Chairmen, Cocaine, and Car Crashes: The Knobe Effect as an Attribution Error

The Journal of Ethics 17 (4):305-330 (2013)
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Abstract

In this paper, we argue that the so-called Knobe-Effect constitutes an error. There is now a wealth of data confirming that people are highly prone to what has also come to be known as the ‘side-effect effect’. That is, when attributing psychological states—such as intentionality, foreknowledge, and desiring—as well as other agential features—such as causal control—people typically do so to a greater extent when the action under consideration is evaluated negatively. There are a plethora of models attempting to account for this effect. We hold that the central question of interest is whether the effect represents a competence or an error in judgment. We offer a systematic argument for the claim that the burden of proof regarding this question is on the competence theorist. We sketch an account, based on the notion of the reactive attitudes, that can accommodate both the idea that these sorts of judgments are fundamentally normative and that they often constitute errors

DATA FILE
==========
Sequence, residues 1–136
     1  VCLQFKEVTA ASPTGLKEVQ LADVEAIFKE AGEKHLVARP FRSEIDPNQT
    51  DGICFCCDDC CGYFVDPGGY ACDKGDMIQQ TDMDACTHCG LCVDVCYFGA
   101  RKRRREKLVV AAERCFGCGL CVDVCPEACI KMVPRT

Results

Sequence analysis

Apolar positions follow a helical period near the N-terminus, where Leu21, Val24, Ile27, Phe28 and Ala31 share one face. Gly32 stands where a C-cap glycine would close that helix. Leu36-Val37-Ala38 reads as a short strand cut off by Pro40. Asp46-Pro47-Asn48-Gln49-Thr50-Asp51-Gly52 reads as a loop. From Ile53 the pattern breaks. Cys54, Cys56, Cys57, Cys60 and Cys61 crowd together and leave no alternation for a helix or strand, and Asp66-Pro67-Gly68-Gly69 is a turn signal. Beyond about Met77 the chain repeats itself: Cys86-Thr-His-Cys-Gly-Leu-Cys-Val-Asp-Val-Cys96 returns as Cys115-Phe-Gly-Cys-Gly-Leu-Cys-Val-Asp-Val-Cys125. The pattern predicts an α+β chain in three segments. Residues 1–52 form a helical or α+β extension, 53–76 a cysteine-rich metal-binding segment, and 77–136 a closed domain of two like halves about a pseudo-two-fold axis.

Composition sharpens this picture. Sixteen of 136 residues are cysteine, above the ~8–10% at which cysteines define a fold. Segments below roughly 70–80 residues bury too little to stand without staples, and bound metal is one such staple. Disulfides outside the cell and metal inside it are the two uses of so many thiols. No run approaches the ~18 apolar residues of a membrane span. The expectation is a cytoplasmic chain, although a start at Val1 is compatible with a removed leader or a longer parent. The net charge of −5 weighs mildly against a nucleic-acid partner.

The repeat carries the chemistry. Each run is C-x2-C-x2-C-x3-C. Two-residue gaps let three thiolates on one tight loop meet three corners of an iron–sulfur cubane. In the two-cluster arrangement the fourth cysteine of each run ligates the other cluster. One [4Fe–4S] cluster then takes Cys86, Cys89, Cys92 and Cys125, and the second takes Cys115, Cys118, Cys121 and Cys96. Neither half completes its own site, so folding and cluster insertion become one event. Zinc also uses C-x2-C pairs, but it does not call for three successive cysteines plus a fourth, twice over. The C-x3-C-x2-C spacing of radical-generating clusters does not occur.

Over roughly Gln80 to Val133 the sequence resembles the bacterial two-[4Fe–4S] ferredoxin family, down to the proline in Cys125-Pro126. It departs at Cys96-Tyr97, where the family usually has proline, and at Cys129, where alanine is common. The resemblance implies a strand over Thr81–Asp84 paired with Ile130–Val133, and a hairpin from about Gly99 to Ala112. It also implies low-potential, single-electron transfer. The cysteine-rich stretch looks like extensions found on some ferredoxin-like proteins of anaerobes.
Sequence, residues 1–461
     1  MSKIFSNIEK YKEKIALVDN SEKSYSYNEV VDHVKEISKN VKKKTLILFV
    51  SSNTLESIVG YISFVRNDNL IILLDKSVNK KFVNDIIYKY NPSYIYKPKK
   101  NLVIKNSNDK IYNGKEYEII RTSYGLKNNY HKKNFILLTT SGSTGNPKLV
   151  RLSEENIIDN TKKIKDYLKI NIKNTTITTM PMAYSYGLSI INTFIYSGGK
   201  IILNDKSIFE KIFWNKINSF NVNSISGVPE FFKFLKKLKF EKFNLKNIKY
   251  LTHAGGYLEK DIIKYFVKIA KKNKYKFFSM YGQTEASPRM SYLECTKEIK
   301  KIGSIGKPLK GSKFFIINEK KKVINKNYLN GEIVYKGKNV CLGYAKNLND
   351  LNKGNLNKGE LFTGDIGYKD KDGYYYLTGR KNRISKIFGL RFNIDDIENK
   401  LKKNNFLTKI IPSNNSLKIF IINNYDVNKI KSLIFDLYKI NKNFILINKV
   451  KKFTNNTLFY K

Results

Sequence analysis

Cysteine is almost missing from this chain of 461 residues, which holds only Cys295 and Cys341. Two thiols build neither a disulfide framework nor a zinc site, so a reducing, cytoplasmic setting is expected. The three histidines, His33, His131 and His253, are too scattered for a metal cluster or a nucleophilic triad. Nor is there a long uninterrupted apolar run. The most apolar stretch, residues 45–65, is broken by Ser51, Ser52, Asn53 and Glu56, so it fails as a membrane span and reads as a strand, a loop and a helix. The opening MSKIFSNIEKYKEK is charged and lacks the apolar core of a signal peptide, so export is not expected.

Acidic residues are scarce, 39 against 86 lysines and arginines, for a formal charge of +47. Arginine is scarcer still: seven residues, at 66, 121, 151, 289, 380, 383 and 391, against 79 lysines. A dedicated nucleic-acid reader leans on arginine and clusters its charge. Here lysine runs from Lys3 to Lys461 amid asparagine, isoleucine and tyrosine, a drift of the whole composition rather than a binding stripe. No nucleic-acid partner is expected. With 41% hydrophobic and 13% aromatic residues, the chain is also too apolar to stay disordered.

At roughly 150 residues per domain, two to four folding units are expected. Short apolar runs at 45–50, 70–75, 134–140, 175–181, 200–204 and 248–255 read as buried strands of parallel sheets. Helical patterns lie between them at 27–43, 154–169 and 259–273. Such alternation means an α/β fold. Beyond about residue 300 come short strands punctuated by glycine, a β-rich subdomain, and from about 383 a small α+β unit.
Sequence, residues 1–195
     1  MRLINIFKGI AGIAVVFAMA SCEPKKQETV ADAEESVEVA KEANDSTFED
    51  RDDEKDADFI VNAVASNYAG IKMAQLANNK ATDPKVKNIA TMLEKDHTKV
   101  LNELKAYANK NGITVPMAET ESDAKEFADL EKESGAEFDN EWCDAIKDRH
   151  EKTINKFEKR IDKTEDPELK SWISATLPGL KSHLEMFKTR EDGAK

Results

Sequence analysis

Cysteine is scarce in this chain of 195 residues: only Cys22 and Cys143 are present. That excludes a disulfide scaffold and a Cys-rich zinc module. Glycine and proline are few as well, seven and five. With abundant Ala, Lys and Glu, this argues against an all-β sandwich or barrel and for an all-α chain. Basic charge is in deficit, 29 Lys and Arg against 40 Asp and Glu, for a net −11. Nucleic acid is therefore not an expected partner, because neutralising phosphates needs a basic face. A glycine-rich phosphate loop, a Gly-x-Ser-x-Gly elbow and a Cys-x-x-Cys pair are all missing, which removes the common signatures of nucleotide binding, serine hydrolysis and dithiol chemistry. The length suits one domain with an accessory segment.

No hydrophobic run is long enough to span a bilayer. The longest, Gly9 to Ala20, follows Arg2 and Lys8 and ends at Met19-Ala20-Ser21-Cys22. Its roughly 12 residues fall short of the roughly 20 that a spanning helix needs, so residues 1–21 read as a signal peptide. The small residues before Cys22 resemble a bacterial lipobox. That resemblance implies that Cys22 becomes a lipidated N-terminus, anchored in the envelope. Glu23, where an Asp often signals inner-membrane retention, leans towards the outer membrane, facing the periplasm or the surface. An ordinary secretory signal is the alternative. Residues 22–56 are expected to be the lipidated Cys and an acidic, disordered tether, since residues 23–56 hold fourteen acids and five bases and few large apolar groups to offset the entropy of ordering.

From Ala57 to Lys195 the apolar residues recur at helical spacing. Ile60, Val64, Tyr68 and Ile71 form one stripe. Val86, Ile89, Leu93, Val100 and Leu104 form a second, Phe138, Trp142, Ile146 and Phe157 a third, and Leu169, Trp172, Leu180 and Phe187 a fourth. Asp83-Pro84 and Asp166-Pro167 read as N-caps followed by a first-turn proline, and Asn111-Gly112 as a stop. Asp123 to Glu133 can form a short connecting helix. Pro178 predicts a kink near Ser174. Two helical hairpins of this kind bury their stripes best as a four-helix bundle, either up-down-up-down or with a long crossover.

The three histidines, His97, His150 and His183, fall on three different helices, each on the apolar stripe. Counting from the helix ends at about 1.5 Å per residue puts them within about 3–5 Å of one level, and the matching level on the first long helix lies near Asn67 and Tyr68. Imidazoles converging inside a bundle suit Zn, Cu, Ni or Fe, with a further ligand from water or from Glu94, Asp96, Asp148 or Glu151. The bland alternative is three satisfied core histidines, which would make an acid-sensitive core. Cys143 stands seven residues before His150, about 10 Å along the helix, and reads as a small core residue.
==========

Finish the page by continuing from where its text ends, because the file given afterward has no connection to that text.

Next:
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Author Profiles

Hanno Sauer
Utrecht University
Thomas Bates
Plymouth State College

References found in this work

Freedom and Resentment.Peter Strawson - 1962 - Proceedings of the British Academy 48:187-211.
Ethics and the limits of philosophy.Bernard Williams - 1985 - Cambridge: Harvard University Press.
Responsibility and the Moral Sentiments.R. Jay Wallace - 1994 - Cambridge, Mass.: Harvard University Press.

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